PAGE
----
Put thou thy trust in God

Representative Text

1 Put thou thy trust in God,
in duty's path go on;
walk in his strength with faith and hope,
so shall thy work be done.

2 Commit thy ways to him,
thy works into his hands,
and rest on his unchanging word,
who heaven and earth commands.

3 Though years on years roll on,
his covenant shall endure;
though clouds and darkness hide his path,
the promised grace is sure.

4 Give to the winds thy fears;
hope, and be undismayed:
God hears thy sighs and counts thy tears;
God shall lift up thy head.

5 Through waves and clouds and storms
his power will clear thy way:
wait thou his time; the darkest night
shall end in brightest day.

6 Leave to his sovereign sway
to choose and to command;
so shalt thou, wondering, own his way,
how wise, how strong his hand.

Source: Ancient and Modern: hymns and songs for refreshing worship #768a

Author: Paul Gerhardt

Paul Gerhardt (b. GraEenhainichen, Saxony, Germany, 1607; d. Lubben, Germany, 1676), famous author of Lutheran evangelical hymns, studied theology and hymnody at the University of Wittenberg and then was a tutor in Berlin, where he became friends with Johann Crüger. He served the Lutheran parish of Mittenwalde near Berlin (1651-1657) and the great St. Nicholas' Church in Berlin (1657-1666). Friederich William, the Calvinist elector, had issued an edict that forbade the various Protestant groups to fight each other. Although Gerhardt did not want strife between the churches, he refused to comply with the edict because he thought it opposed the Lutheran "Formula of Concord," which con­demned some Calvinist doctrines. Consequently, he was re… Go to person page >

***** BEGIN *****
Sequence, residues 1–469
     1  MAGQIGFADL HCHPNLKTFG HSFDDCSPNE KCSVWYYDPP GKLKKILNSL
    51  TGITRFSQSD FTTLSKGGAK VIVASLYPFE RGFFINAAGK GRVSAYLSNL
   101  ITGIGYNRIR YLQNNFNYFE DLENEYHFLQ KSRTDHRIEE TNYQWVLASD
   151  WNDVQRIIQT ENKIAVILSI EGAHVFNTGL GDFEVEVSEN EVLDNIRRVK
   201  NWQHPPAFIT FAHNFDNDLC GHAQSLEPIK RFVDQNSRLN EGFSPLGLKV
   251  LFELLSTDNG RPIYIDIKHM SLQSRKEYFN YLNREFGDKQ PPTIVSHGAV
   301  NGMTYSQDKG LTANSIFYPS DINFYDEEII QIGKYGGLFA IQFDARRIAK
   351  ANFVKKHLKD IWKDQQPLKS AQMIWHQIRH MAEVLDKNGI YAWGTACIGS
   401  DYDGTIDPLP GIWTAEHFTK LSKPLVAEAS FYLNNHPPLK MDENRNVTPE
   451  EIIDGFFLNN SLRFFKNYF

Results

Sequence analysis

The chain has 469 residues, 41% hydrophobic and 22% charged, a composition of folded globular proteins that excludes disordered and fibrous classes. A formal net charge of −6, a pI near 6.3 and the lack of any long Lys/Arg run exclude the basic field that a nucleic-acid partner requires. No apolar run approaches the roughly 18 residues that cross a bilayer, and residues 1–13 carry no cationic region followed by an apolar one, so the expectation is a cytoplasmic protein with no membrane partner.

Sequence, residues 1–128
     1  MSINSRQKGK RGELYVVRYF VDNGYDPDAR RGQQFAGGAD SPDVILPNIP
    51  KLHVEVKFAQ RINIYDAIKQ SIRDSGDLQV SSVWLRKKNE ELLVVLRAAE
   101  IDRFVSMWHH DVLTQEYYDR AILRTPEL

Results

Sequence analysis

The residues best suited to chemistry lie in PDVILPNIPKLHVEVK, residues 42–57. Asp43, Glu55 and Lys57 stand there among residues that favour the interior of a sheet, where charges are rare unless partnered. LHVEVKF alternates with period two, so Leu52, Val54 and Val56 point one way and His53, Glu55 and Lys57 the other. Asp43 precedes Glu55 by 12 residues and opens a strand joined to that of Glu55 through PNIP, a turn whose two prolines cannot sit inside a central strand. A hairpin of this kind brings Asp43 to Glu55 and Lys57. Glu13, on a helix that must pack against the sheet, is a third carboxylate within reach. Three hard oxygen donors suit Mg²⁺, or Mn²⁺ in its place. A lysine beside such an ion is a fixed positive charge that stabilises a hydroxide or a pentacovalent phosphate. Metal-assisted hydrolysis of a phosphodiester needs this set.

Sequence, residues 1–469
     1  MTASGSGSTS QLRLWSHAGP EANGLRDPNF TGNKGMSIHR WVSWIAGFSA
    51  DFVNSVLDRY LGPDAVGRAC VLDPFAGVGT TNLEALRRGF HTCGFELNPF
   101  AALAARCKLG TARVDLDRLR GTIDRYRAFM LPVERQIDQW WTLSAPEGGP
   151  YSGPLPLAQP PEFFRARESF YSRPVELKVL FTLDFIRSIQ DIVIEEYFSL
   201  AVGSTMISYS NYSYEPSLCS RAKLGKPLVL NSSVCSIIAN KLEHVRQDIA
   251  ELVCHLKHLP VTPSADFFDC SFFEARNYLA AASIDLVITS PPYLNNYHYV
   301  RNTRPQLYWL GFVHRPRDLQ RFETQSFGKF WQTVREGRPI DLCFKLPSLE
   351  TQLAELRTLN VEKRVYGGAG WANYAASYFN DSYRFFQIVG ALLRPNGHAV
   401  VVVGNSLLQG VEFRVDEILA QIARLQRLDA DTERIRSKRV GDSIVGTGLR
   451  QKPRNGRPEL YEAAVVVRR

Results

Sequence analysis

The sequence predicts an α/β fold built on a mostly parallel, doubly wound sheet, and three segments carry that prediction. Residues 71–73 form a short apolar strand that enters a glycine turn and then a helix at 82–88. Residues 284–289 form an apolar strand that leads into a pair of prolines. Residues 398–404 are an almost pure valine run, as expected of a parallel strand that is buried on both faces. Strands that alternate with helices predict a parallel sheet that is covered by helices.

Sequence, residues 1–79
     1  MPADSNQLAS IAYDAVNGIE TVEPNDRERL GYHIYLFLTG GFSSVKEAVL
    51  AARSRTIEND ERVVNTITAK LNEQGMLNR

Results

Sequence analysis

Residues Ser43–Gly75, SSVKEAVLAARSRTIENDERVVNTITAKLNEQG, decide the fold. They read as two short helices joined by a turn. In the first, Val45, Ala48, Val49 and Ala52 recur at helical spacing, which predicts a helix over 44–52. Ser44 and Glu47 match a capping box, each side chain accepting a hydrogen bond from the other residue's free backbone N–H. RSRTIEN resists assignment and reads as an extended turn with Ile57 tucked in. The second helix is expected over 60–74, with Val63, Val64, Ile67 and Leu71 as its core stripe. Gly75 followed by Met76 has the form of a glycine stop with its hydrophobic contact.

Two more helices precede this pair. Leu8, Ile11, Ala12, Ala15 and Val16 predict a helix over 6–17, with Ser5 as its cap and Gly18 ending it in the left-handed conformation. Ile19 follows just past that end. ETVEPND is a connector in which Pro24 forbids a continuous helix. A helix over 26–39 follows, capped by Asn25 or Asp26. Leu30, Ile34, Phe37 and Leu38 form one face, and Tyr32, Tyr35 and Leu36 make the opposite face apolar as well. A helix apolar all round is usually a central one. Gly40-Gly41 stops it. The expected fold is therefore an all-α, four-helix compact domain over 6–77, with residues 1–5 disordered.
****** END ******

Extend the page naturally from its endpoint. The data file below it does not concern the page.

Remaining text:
Translator: John Wesley

John Wesley, the son of Samuel, and brother of Charles Wesley, was born at Epworth, June 17, 1703. He was educated at the Charterhouse, London, and at Christ Church, Oxford. He became a Fellow of Lincoln College, Oxford, and graduated M.A. in 1726. At Oxford, he was one of the small band consisting of George Whitefield, Hames Hervey, Charles Wesley, and a few others, who were even then known for their piety; they were deridingly called "Methodists." After his ordination he went, in 1735, on a mission to Georgia. The mission was not successful, and he returned to England in 1738. From that time, his life was one of great labour, preaching the Gospel, and publishing his commentaries and other theological works. He died in London, in 17… Go to person page >

Timeline

Media

The Cyber Hymnal #5701
  • Adobe Acrobat image (PDF)
  • Noteworthy Composer score (NWC)
  • XML score (XML)

Instances

Instances (1 - 11 of 11)
Text

Ancient and Modern #768a

Text

Ancient and Modern #768b

Anglican Hymns Old and New (Rev. and Enl.) #634

TextPage Scan

Church Hymnary (4th ed.) #270

Page Scan

Common Praise #562

TextPage Scan

Complete Anglican Hymns Old and New #576

Hymns Ancient and Modern, New Standard Edition #223

Text

Hymns of Glory, Songs of Praise #270

Hymns Old and New #429

TextScoreAudio

The Cyber Hymnal #5701

Text

Together in Song #555

Include 18 pre-1979 instances
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